Staying in the Church After Being Abused

Last night was the final time our women’s group at church met for the year. It was basically a gab session with good food and drink – a time to celebrate. We did, however, discuss the rather serious subject of millennials leaving the Church. Not just the Catholic Church, but all churches. They are walking away from faith, period.

As we were cleaning up, one mother and I began talking. Mostly she spoke of her four young adult children and where they were in their faith. Her son, who is in his early twenties was no longer a practicing Catholic because of how he feels about the Church and the priest sexual abuse problem.

My friend’s young son is not alone.

It caused me think, “How would I explain to him my reasons for staying in the Catholic Church after actually experiencing abuse at the hands of a priest?”

I loved and needed the Church to help me heal.

When I began processing what had happened to me, spiritually I was in a place where my relationship with Jesus was at the center of my life and everything that I did.  The Catholic Church was home.  I felt blessed to be a member of the body.  I was active in church, director of the parish youth group,  and sustained spiritually by prayer, Word and sacraments. I went to Jesus in prayer and the sacraments with all of my pain and suffering. It was only natural that I go to him and the Church when I began experiencing the most intense suffering of my life.  When I could put no words to the pain I felt, when I could only be, I could still receive Jesus in the sacraments.  In the Eucharist, I could welcome him into my very being, and sit with him in a very real way.  At a time when I felt like I was in a cocoon isolated from the rest of the world, Jesus was inside my cocoon with me.  For a short while, we could coexist in a way only possible in the Catholic Church.

In addition, I was meeting with a spiritual director, who is a priest, another healing agent of the Church. Whereas I had experienced a horrible breech of trust with a priest through the abuse, I was able to trust this particular priest, so much so that he was the one to whom I was able to disclose the abuse after years of silence.  I had watched him for several years prior to entering into spiritual direction with him.  I watched him with children, and adults. I watched him implement safe environment standards in a parish and consistently follow through.  I experienced his empathy.  He gained my trust. I knew he was safe and that he was a healer.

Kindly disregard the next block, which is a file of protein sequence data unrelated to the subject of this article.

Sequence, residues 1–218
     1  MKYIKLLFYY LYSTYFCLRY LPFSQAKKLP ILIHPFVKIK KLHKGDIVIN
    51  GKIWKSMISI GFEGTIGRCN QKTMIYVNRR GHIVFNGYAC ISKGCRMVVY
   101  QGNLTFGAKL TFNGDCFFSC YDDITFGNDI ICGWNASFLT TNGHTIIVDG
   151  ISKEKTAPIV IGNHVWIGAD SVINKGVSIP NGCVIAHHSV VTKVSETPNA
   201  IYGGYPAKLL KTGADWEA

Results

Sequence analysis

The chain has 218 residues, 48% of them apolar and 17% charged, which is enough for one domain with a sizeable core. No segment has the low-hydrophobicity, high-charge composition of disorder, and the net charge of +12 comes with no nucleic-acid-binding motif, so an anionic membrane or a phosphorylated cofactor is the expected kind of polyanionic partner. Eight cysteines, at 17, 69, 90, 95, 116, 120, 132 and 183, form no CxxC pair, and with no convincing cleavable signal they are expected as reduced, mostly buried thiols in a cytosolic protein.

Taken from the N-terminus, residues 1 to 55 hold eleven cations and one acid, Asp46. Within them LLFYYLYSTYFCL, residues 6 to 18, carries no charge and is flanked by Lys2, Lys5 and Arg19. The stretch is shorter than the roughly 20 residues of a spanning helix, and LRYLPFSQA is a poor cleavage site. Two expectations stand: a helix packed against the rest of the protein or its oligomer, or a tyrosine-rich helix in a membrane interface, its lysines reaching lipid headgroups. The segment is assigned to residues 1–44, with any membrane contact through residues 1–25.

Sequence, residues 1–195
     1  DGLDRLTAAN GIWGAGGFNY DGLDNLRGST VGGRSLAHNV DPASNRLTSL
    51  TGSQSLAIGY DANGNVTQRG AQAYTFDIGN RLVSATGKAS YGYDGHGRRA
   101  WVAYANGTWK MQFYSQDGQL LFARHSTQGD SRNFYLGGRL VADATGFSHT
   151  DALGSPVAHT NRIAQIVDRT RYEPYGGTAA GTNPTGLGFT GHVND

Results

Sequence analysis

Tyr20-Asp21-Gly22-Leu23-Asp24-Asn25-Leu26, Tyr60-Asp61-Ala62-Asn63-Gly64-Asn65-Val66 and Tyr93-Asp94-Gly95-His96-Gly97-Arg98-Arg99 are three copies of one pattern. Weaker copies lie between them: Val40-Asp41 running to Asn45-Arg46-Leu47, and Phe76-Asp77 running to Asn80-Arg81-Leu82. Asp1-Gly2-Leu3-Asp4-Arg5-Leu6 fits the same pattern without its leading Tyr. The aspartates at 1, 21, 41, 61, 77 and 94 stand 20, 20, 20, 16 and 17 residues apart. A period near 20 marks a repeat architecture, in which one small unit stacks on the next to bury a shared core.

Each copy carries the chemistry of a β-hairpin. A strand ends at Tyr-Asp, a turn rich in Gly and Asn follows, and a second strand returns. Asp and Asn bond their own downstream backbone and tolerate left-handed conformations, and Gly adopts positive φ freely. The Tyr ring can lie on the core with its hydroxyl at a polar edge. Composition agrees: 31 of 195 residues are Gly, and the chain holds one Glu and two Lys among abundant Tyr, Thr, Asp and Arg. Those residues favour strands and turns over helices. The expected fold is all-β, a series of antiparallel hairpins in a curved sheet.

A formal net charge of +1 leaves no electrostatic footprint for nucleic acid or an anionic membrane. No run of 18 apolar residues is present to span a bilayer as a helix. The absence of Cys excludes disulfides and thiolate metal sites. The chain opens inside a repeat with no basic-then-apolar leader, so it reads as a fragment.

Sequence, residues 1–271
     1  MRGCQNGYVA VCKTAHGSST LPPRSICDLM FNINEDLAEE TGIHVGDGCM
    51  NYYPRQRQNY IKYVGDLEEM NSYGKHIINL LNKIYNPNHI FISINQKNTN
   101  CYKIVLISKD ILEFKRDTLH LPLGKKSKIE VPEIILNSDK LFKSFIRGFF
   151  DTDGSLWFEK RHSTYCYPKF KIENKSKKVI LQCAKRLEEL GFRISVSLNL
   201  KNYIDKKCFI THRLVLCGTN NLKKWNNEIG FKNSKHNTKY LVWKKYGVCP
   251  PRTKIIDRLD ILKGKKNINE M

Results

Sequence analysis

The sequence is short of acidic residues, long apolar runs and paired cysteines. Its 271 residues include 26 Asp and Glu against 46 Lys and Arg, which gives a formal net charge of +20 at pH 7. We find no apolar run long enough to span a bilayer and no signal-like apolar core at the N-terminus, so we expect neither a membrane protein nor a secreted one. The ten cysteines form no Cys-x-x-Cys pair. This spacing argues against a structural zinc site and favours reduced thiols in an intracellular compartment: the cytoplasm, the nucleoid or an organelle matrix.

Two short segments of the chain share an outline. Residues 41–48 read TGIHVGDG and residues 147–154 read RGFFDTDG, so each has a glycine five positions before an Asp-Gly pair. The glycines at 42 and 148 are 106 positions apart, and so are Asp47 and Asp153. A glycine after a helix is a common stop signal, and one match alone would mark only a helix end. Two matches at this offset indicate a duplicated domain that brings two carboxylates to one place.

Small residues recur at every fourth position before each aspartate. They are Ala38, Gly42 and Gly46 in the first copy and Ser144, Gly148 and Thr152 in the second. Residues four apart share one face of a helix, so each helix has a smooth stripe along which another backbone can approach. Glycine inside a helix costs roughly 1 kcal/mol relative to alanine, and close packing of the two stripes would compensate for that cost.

The sacraments and this priest of the Catholic Church have helped me heal from the wounds of abuse.  I can’t imagine trying to get through this time without the Church.

The Church is not the priest. Or a bishop.  Or a pope.


My abuser was  just a priest.  A human with faults. All priests at times stand in persona Christi; bishops and the pope make up the magesterium of the Church.  They are not by definition exclusively “the Church” though the Church could not exist without them. 

The Church is mystical.  VERY simply put, she is the clergy, the faithful, the Trinity and the Word of God. 

She is the body of Christ present here on Earth. The body of Christ!  How beautiful is that! She leads us to heaven through baptism.  Made up of many members – you and I – she is living and breathing.  Jesus lives and breathes in her, in the Sacraments.  He comes to us in Holy Communion and in the confessional through the priest or bishop or pope.  She is one.  She is holy, catholic and apostolic.  She gives us God’s Word, the wisdom of the saints and the Blessed Mother.

The Catholic Church is so much more than an abusive priest.  Yes, egregious sins have been committed within the stone walls by human beings.  That is being addressed, sometimes well and sometimes not so well, but they are trying.

The beauty of the Church is what has kept me faithful.  In my moments of greatest doubt and anger, when I most passionately wanted to walk away in hurt or anger about sins or incompetence of men, I couldn’t.  I couldn’t leave what I love.  I couldn’t imagine life without her, without the sacraments, without the Mass.

The Catholic Church is a part of me and I a part of her.  It will always be that way, abuse or no abuse.

I don’t know if my friend’s young son would understand where I am coming from or if what is shared would be helpful.  There are many like him out there.  We as Church must reach out to them in some way or we will lose them forever. More gravely, they may be lost forever. 


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